Author Response Lukewarm to Poland’s New Library Lending Fee Program

In News by Jaroslaw Adamowski

Presented as an effort to collect copyright revenue from public library loans for writers and other workers in literature, Poland’s new program finds a slow uptake among authors.
Image - iStockphoto: SutiChak

Image – iStockphoto: SutiChak

By Jaroslaw Adamowksi | @JaroslawAdamows

Only Some 2,300 Authors Have Registered
To increase state support to local authors and publishers, Poland has launched its public library lending fee program based on similar efforts in the UK and other countries.

Local applicants were able to register their works in the program until August 31.

Applications were submitted through a form on this website set up by the local copyright association, SAiW Copyright Polska. Eligible applicants include authors, co-authors, illustrators, and translators, as well as heirs with rights to intellectual property within 70 years of an artist’s death (at which time a work enters the public domain).

In this year’s debut of the initiative, about 3.8 million Polish zloty (US$1 million) will be made available to all the stakeholders. The fees are to be transferred by the end of December, as reported by Łukasz Grzesiczak for local daily Gazeta Wyborcza.

The launch of the program was triggered by an amendment made last year to Poland’s authors’ rights legislation, signed into law in October by Andrzej Duda, Poland’s president. The objectives of the amendment include enabling the state to “pay fees for borrowing books by public libraries.”

Such fees are to be handled by a collection agency in intellectual property rights management, that agency to be selected by the minister of culture. The program is vested in the state-run Culture Promotion Fund (Fundusz Promocji Kultury), which is funded by taxation on gambling. University and school libraries were not included in the program. Its scope is limited to public libraries.

Under the plan, 75 percent of the total available amount will be provided to registered, participating authors, translators, and illustrators, and the remaining 25 percent to publishers and the copyright association selected by the ministry.

But local media report that only  about 2,300 authors have registered their books in the first edition of the program, raising doubts about its efficacy.

The website was set up in July, and on August 1, the state-run Book Institute (Instytut Książki) published a news release in which it encouraged local authors to register their works in the system. The maximum amount which can be earned by an author in the program is five times the amount of the average monthly salary, or some 20,000 zloty (US$5,200), according to Karol Kościński, a spokesperson for the ministry of culture, in a prepared statement.

Authors were required to register themselves through the online form, and were not allowed to have their publishers or agents register on their behalf.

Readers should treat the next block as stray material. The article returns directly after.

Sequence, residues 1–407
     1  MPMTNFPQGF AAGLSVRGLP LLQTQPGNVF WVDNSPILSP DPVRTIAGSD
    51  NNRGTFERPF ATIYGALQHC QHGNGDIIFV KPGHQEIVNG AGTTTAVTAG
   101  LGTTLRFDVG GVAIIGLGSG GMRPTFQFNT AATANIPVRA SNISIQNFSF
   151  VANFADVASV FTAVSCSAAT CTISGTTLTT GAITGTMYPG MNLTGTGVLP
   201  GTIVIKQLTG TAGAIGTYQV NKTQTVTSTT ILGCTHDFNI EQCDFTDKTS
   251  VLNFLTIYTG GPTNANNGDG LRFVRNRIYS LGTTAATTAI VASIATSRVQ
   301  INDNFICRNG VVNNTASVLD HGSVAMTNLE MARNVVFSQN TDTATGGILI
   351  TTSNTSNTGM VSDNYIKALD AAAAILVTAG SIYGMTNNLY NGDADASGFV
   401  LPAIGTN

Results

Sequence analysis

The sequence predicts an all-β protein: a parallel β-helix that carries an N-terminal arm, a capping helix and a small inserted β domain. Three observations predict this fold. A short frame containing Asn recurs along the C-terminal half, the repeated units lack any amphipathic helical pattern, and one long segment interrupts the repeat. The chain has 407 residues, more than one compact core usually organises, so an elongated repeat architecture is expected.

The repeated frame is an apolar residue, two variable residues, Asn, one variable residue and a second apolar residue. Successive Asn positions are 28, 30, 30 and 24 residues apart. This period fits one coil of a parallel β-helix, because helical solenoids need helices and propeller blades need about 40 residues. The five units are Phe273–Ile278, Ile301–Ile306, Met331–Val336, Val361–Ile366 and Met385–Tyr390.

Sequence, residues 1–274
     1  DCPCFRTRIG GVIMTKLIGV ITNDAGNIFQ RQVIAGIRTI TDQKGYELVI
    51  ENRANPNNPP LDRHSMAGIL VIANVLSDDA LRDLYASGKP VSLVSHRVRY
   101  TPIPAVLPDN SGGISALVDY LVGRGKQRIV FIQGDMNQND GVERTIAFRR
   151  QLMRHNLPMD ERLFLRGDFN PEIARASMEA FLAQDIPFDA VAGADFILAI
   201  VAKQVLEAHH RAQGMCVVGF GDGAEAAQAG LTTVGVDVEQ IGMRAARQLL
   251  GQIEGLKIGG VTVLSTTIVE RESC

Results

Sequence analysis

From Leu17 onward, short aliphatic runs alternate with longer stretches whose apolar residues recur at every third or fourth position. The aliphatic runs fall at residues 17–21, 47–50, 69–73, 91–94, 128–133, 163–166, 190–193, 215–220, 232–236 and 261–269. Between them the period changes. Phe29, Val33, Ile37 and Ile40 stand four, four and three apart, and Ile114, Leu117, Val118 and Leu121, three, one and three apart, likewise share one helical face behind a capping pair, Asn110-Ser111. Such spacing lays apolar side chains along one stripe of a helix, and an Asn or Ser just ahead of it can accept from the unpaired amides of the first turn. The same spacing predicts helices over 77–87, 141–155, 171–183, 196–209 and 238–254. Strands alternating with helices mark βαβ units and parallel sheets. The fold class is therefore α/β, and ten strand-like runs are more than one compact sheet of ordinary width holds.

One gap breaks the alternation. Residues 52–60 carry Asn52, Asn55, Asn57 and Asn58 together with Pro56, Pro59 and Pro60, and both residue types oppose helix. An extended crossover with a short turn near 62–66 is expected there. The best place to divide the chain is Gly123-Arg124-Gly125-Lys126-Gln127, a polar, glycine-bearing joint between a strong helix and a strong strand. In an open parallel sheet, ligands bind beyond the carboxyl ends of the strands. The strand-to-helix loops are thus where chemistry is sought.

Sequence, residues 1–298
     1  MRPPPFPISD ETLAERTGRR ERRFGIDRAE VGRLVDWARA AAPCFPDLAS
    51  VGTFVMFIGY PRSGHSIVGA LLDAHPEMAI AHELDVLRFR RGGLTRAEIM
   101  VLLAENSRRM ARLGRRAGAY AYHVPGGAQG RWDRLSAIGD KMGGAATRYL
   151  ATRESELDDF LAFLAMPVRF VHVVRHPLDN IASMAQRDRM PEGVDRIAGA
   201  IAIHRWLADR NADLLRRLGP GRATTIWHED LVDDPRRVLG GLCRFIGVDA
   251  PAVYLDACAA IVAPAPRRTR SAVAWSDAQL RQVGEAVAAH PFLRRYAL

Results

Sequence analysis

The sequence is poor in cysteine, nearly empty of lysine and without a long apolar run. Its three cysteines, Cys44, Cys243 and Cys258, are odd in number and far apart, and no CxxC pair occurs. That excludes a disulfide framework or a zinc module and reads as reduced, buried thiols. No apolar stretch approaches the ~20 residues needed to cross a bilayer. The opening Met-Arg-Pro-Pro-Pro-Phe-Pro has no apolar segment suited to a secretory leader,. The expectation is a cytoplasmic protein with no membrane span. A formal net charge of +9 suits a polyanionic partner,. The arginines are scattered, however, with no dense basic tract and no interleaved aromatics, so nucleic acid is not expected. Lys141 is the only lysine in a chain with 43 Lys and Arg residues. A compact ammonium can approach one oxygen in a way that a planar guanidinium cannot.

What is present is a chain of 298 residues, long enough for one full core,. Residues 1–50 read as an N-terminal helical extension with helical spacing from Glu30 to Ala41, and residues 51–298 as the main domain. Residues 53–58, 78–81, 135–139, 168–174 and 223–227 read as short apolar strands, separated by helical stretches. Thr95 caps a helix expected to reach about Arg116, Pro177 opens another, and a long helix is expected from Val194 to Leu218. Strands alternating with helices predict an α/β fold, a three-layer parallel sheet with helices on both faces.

“My boyfriend Łukasz helped me register online,” says Gaja Grzegorzewska, a bestselling crime novelist, in another Gazeta Wyborcza article by Grzesiczak. “For me, this process was very complicated. In my opinion, the program was not well promoted, and I wasn’t informed about it by my publisher.”

Prof. Marek Jablonowski, deputy dean of journalism and information at the University of Warsaw, says that all efforts to support authors at the state level should be welcomed. He indicates that the lukewarm response to the program from writers might be because they see the highest-visibility writers getting the lion’s share of the funds from the program.

“It would be a shame if the bulk of these funds were to be allocated mainly to authors who are already acclaimed as bestsellers, leaving less popular authors with only token payments,” Jablonowski tells Publishing Perspectives. “The state has various alternative ways of encouraging budding authors. There are scholarships, awards, and writer-in-residence programs, for example.”

Meanwhile, some observers point to the fact that the new program comes at a time when many public libraries are struggling to attract readers amid budget cuts.

Libraries are an easy target for spending cuts, says a librarian in central Warsaw. She shares her criticism of government cuts with Publishing Perspectives on condition of anonymity.

“Librarians have a very limited capacity to protest such decisions. This is particularly relevant in smaller towns and municipalities where there’s often just one public library and the level of unemployment is high.”

Poland is one of seven key industries featured in The Markets: Global Publishing Summit (18 October 2016) from Publishing Perspectives and the Frankfurt Book Fair. In addition to our Markets white paper, you can read our series of interviews and information in relation to the conference.
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This year’s program will showcase the following seven markets:

  1. Brazil
  2. Flanders & The Netherlands (Guest of Honor)
  3. Philippines
  4. Poland
  5. Spain
  6. United Arab Emirates
  7. United Kingdom

The Markets’ programming highlights each of these seven publishing territories from three perspectives: analysis, vision, and industry players. The day is devised to provide attendees not only with information and insights into the most important features of each industry market, but also with extensive networking opportunities during the event.

About the Author

Jaroslaw Adamowski

Jaroslaw Adamowski is a freelance writer based in Warsaw, Poland. He has written for the Guardian, the Independent, the Jerusalem Post, and the Prague Post.